Hampshire takes its name from the settlement that is now the city of Southampton. An Old English name for Southampton was Hantum, and references to the county - Southampton and shire - became Hantum plus Scir. This is where the abbreviation Hants originates from. The county was known by the Anglo-Saxons as Hamtunschire and was recorded in the Domesday book as Hantescire. From 1889 until 1959, the administrative county was named the County of Southampton.
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Famous quotes containing the word etymology:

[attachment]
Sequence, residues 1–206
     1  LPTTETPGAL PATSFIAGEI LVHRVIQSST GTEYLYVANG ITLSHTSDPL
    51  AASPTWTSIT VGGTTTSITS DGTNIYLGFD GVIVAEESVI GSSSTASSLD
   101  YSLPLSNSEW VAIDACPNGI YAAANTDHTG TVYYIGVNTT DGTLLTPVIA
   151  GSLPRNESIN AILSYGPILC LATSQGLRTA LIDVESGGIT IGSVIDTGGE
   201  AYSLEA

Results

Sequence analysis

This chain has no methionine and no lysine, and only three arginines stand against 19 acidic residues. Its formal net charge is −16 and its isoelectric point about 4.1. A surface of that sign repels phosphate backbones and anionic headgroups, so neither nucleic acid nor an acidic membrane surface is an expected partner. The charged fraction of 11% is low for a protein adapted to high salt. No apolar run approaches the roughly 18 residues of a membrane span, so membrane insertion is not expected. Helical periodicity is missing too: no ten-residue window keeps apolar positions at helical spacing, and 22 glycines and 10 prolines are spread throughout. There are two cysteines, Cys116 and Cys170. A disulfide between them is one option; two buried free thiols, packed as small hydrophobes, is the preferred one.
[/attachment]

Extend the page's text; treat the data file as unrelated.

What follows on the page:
“The universal principle of etymology in all languages: words are carried over from bodies and from the properties of bodies to express the things of the mind and spirit. The order of ideas must follow the order of things.”
—Giambattista Vico (16881744)
“Semantically, taste is rich and confusing, its etymology as odd and interesting as that of style. But while stylederiving from the stylus or pointed rod which Roman scribes used to make marks on wax tabletssuggests activity, taste is more passive.... Etymologically, the word we use derives from the Old French, meaning touch or feel, a sense that is preserved in the current Italian word for a keyboard, tastiera.”
—Stephen Bayley, British historian, art critic. Taste: The Story of an Idea, Taste: The Secret Meaning of Things, Random House (1991)